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Friday, April 27, 2018

Downtown Toronto's borders have just been redrawn

The subject of what constitutes downtown for any major city can get people pretty riled up — especially so in a place like Toronto, where the boundaries are blurry and every hood is thirsty to be "world class" or whatever.

Documents released ahead of next week's Planning and Growth Management Committee meeting suggest that city officials now have their own, up-to-date classification system in this regard.

This should make things easier for winning arguments about whether or not one can rep for "The 6ix" (although that's more of a 905 thing, anyway) moving forward, but it doesn't.

At least not for the people of King West, Dundas West, West Queen West, Little Italy, Koreatown, Christie Pits, Ossington, Liberty Village or Parkdale.

Downtown Toronto map

This map of downtown Toronto was included in reports set to go before a city committee on May 1. Image  via Matt Elliott/City of Toronto.

Nothing west of Bathurst is considered to be "downtown" by the City of Toronto, according to a new map surfaced yesterday by Toronto journalist Matt Elliott. 

Yorkville is cool though, apparently, even though it takes twice as long to get there from the CN Tower than it does from say, Trinity Bellwoods Park or even Exhibition Place.

Tourism Toronto's map labels everything between Dufferin Street to Broadview Avenue as "downtown," but only up to Bloor, which seems to fit with what most people describe as the core in conversation.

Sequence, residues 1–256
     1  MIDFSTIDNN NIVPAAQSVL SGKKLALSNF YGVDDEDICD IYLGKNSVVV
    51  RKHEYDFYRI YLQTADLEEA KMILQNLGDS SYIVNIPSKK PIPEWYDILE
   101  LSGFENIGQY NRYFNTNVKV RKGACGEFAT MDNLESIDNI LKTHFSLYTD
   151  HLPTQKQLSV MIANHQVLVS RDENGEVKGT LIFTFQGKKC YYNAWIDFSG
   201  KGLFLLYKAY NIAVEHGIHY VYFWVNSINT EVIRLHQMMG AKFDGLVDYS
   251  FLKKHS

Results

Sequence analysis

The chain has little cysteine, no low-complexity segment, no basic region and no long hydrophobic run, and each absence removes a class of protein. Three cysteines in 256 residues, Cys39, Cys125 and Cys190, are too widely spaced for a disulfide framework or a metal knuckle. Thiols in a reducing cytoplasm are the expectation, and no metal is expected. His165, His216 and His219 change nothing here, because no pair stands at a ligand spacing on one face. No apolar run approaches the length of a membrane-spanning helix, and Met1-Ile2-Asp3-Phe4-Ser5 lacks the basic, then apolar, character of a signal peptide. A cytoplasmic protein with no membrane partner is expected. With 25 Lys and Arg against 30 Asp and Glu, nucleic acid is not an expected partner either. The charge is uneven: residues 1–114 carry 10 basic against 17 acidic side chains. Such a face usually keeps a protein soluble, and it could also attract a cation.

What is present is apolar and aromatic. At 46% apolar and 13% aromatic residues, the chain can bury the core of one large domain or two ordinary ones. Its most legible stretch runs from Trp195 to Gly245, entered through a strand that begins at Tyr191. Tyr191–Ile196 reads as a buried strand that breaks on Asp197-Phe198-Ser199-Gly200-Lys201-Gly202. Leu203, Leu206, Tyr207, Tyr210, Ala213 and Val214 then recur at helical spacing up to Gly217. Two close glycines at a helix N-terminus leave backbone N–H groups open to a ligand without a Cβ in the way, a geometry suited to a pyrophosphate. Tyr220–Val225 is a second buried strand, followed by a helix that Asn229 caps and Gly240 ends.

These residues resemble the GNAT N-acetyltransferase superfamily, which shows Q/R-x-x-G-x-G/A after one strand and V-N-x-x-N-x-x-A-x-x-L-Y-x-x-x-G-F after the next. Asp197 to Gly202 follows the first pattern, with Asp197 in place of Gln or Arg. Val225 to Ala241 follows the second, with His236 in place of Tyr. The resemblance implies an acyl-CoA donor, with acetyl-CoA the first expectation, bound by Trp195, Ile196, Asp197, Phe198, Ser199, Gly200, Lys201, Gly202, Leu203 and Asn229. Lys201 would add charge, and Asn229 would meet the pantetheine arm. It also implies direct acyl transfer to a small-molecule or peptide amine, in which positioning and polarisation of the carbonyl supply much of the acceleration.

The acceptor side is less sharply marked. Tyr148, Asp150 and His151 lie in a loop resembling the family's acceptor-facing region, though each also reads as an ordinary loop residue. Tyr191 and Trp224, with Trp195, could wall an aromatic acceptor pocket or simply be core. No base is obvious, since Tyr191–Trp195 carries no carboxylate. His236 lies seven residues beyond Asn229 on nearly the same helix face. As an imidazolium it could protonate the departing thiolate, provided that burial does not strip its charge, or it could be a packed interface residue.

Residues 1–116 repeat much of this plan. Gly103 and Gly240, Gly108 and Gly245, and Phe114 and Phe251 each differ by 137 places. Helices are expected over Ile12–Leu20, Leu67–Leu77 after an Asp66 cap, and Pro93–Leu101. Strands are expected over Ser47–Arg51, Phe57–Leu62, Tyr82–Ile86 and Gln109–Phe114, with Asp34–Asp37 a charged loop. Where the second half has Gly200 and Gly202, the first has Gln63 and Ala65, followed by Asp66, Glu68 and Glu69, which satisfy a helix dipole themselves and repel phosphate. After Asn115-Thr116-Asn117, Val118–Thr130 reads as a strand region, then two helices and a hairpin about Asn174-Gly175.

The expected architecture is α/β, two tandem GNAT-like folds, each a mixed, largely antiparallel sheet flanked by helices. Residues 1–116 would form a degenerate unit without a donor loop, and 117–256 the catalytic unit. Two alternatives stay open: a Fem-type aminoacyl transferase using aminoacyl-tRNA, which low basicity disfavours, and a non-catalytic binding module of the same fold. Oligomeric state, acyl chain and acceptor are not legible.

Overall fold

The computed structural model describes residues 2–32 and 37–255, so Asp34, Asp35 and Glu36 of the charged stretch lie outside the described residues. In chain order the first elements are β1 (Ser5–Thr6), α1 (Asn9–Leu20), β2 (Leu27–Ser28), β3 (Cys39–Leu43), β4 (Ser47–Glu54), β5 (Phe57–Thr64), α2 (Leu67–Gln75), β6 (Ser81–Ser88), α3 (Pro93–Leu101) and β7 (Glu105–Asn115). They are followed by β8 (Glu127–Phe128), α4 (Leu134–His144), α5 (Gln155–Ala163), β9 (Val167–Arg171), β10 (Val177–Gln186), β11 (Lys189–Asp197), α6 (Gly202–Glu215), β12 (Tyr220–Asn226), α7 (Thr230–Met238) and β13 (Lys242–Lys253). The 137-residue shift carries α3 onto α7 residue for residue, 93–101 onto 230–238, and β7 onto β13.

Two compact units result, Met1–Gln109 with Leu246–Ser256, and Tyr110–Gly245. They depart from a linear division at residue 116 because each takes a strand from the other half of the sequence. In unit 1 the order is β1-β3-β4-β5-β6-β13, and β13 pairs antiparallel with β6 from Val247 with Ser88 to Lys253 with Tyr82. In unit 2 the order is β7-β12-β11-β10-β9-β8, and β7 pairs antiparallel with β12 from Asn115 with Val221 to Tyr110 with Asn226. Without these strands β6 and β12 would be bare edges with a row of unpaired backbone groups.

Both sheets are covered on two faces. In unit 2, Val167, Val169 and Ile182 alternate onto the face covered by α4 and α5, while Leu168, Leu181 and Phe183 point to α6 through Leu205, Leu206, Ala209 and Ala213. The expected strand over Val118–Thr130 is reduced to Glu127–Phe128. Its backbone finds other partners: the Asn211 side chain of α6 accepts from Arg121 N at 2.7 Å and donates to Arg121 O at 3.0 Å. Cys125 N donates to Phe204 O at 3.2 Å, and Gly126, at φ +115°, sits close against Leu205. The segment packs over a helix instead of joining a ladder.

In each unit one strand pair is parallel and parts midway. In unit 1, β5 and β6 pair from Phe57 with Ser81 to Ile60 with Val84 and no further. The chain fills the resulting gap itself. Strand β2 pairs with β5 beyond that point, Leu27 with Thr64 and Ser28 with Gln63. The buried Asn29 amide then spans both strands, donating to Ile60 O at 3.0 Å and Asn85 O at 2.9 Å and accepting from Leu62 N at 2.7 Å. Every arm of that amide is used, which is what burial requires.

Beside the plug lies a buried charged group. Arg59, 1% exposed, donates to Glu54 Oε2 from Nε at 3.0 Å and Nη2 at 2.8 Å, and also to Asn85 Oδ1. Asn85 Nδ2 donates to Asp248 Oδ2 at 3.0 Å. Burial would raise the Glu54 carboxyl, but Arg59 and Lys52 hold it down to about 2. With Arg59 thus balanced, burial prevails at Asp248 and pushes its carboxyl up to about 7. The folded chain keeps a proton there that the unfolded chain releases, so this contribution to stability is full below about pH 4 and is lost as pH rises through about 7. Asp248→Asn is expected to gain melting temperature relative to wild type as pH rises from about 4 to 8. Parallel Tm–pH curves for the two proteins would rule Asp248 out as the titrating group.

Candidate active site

downtown toronto map

Tourism Toronto's map of downtown includes is much wider and shorter than the city's newer version. Image via Tourism Toronto.

The TTC's map is even more generous with the east-west boundaries, which run from Lansdowne in the west to just past Broadview in the east.

downtown toronto map

As of 2018, the Toronto Transit Commission considers the boundaries of downtown to be Lansdowne, Bloor, Broadview and Lake Ontario.

Google aligns with the city in terms of east-west borders, with Bathurst and the DVP flanking Toronto's downtown core.

Google downtown Toronto

Google has its own boundary system for the city's core. You can see it by searching for "Downtown Toronto" in Maps. Image via Google Maps.

Again, Yorkville and the Annex don't make the cut, probably because they're not actually downtown...unless you're the City of Toronto's Planning and Growth Management Committee. 

Yeah, I'm bitter. But only because I'm right.

by Lauren O'Neil via blogTO

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